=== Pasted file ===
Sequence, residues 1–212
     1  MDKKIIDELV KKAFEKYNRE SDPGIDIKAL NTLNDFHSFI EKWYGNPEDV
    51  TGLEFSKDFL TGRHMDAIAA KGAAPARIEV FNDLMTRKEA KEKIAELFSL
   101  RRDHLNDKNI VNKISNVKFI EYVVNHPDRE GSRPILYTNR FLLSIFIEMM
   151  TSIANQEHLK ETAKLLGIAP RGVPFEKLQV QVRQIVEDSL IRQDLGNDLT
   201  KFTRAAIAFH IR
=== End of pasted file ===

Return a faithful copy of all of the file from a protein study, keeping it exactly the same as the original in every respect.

Sequence, residues 1–212
     1  MDKKIIDELV KKAFEKYNRE SDPGIDIKAL NTLNDFHSFI EKWYGNPEDV
    51  TGLEFSKDFL TGRHMDAIAA KGAAPARIEV FNDLMTRKEA KEKIAELFSL
   101  RRDHLNDKNI VNKISNVKFI EYVVNHPDRE GSRPILYTNR FLLSIFIEMM
   151  TSIANQEHLK ETAKLLGIAP RGVPFEKLQV QVRQIVEDSL IRQDLGNDLT
   201  KFTRAAIAFH IR